Despite its continuing hardline stance against marijuana, the US Drug Enforcement Agency (DEA) has shown some signs of relenting and this summer opened the door to allowing more farms to grow cannabis for official research purposes. Thats an important step forward that may change the potential marijuana has for medical treatment. Up to this point, researchers have had to depend on just one farm at the University of Mississippi to supply cannabis for all studies.

      Eight states have voted to legalize recreational marijuana, and 28 states now allow its use for medical purposes. Under federal law, however, marijuana continues to be classified as a highly dangerous illegal drug. Despite the DEAs resistance to reclassification, marijuana has a broad list of potential medical applications, from treating pain to neurological diseases. Further study could open up many new medical treatments.

      Researchers who conduct experimental studies and administer cannabis to their research participants have difficulty obtaining cannabis for their research, says Madeline Meier, assistant professor of psychology at Arizona State University, who has studied the safety of long term marijuana use. But the end to a 50-year monopoly on medical research marijuana will change that, potentially opening up new areas of medical utility and easing the way to federal reclassification.

      Marijuana has long been categorized as a Schedule I drug, which means that from the point of view of the government it has no medical benefit and a high potential for abuse. It is in the same category as heroin and LSD, and is in a more regulated schedule than drugs like methamphetamine and cocaine.

      Despite that, researchers have slowly been making progress in studying it as a potential treatment for a host of diseases.

      A small number of pharmaceutical companies are betting on cannabinoid treatments for a variety of diseases. GW Pharma in California markets a medication targeted at treating spasticity from multiple sclerosis, while UK-based Nemus Biosciences is developing a glaucoma treatment. Another pharmaceutical company, Kalytera, is looking at developing non-psychoactive cannabinoid medicines to treat osteoporosis and bone regeneration.

      Using non-psychoactive synthetic derivatives of marijuana is one potential way to get around the Schedule I restrictions of the drug, explains Seth Yakatan, CEO of Kalytera. But to really move the needle on medical applications for marijuana, the drug would need to be reclassified by the DEA, says Yakatan.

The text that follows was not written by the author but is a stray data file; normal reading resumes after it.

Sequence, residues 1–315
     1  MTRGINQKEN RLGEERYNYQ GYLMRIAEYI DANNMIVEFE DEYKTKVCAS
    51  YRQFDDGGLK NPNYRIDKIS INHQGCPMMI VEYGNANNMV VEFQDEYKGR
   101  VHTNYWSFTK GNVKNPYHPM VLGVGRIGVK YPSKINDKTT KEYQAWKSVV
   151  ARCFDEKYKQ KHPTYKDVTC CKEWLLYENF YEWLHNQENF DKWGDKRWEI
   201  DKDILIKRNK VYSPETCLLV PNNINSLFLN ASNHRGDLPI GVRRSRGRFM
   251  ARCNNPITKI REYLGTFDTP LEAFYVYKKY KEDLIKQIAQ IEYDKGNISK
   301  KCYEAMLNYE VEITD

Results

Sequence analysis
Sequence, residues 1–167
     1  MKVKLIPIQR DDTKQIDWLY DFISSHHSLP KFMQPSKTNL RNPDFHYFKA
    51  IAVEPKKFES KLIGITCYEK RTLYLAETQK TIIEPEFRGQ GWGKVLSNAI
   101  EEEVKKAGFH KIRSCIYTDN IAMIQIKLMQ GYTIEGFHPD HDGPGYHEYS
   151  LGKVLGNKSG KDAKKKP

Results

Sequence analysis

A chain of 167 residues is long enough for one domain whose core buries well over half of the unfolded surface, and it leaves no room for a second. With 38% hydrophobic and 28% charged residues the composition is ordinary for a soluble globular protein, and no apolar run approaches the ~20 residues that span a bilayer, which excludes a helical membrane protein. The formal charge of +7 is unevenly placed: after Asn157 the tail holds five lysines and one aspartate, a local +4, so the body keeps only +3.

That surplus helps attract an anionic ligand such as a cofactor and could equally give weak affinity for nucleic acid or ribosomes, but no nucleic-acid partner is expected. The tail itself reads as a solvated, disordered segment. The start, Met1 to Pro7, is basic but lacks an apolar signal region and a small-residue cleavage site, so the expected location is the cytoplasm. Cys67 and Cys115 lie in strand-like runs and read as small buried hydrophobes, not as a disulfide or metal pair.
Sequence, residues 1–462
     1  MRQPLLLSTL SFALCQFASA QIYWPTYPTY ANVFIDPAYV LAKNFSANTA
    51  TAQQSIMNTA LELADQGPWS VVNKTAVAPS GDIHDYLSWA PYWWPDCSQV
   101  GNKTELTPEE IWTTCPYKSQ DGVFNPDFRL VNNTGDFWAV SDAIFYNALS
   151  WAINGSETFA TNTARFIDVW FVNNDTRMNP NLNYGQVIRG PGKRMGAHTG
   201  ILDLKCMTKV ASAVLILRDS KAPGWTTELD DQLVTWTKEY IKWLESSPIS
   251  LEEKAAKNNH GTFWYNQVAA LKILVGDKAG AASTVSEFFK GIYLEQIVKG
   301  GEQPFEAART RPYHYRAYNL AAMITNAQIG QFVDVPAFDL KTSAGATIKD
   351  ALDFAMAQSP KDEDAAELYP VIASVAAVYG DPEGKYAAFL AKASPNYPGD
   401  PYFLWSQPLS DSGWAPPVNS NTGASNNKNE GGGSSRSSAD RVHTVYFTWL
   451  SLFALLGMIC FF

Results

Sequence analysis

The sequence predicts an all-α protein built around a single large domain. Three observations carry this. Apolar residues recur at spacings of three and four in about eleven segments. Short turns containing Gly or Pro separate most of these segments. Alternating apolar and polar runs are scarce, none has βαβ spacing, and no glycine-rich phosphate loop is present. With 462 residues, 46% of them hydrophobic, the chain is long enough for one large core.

While pharmaceutical companies explore new potential uses for marijuana derivatives, there are a number of medical uses with good research behind them for the plant itself, says Lester Grinspoon, associate professor emeritus of psychiatry at Harvard University. One of the most common medicinal uses is for cancer, though Grinspoon emphasizes that there is not enough research into cannabis use to treat the disease itself.

      Anyone who claims it cures cancer has very little basis to say that, Grinspoon says. But it is a great adjunct therapy for patients already undergoing traditional cancer treatment, he says, as it helps with nausea and other symptoms related to chemotherapy.

      Marijuana has also been found to be helpful in alleviating pain for MS patients, as well as helping with spasms for paraplegics and quadriplegics.

      Similar to its uses for cancer patients, marijuana is helpful for treating the wasting associated with Aids, says Grinspoon. Aids patients were the first to educate their doctors about cannabis, when the Aids epidemic spread like wild. Grinspoon points out that patients discovered on their own that smoking marijuana would help them keep food down, and doctors consequently learned about that use from their patients.

      Chronic pain is another area where marijuana has been useful, says Grinspoon. While research in the area has been somewhat mixed, with a number of studies finding it helps while others saying marijuana is not an effective pain medication, opioid pain medication use has declined in states with liberal marijuana laws. That correlation made headlines in light of the alarming epidemic of opioid abuse in the US.